2) In response to the revelations of corporate efforts to undermine action and mounting climate harms, affected communities are suing to recover the costs or to force companies to align business models with much-needed climate action.
In 2018, the New York Attorney General sued ExxonMobil over “an alleged fraudulent scheme to systematically and repeatedly deceive investors about the significant impact that future climate regulations could have on the company’s assets and value”.
Additionally, over a dozen US cities and counties, one state, and one industry association have filed lawsuits to hold fossil fuel companies financially responsible for their role in global warming-related damages. In Canada, the City of Toronto is looking into the costs of climate damage and exploring legal recourse to recover them.
In the Philippines, the Commission on Human Rights has concluded a first-ever national inquiry into the responsibility of fossil fuel companies for climate-related human rights violations. The investigation was triggered by a legal petition filed by disaster survivors and many others in 2015.
The Commission is expected to issue a report and resolution this year, which could result in a first-ever legal finding on corporate responsibility for the climate crisis and lay the foundations for accountability in other forums.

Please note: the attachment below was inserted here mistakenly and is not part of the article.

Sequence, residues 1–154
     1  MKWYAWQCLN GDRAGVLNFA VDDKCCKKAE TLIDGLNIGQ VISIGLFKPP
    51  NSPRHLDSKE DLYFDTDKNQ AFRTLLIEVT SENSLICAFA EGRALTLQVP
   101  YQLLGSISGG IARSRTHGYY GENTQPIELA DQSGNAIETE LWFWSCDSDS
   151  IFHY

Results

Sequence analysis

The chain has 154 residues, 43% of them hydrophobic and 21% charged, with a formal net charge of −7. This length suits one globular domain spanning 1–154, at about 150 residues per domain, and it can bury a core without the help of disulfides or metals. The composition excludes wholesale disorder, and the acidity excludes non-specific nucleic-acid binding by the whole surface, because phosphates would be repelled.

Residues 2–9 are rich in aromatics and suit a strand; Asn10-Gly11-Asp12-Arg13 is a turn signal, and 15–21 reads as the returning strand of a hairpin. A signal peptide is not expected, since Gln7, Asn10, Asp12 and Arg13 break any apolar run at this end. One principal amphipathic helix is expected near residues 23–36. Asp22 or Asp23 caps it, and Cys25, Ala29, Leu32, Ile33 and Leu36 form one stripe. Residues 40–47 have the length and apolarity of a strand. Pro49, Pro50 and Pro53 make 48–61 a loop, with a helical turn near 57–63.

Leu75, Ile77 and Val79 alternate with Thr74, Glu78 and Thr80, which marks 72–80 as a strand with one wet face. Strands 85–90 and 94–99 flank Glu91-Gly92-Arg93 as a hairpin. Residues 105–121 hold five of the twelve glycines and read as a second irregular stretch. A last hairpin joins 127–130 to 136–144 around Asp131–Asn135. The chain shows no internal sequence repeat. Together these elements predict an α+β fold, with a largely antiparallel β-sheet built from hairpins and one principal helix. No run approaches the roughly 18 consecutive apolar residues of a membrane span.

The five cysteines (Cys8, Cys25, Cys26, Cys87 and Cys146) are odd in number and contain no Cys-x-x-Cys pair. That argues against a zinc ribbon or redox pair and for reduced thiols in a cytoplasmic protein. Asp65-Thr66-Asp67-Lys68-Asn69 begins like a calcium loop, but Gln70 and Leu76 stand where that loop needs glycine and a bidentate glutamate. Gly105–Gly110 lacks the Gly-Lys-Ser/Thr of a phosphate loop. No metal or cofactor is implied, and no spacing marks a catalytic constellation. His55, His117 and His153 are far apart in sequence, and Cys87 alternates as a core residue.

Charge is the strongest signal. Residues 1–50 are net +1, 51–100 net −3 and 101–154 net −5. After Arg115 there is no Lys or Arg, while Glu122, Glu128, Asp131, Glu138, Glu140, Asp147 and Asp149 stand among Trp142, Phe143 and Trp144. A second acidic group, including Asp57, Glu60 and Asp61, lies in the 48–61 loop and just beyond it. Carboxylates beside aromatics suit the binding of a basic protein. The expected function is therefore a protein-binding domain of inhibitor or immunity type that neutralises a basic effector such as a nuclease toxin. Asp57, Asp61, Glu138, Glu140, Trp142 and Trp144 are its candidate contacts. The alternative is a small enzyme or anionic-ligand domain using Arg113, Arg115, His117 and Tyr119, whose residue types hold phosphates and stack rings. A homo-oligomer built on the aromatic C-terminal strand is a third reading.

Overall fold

Not only is the risk of climate litigation here and growing, it was also foreseeable. Internal Shell Group documents dated 1998 foreshadowed the litigation we are seeing today. ConocoPhillips’ 2018 10-K disclosed that it is facing lawsuits, but other major fossil fuel companies including BP and ExxonMobil do not acknowledge existing climate liability lawsuits in their financial filings.
Lack of transparency about climate litigation risks could compound corporate liability.
3) More lawsuits are on the horizon because fossil fuel companies are failing to meaningfully respond to climate risks.
While some companies are responding to pressure from investors, their efforts remain insufficient to prevent the worst effects of the climate breakdown.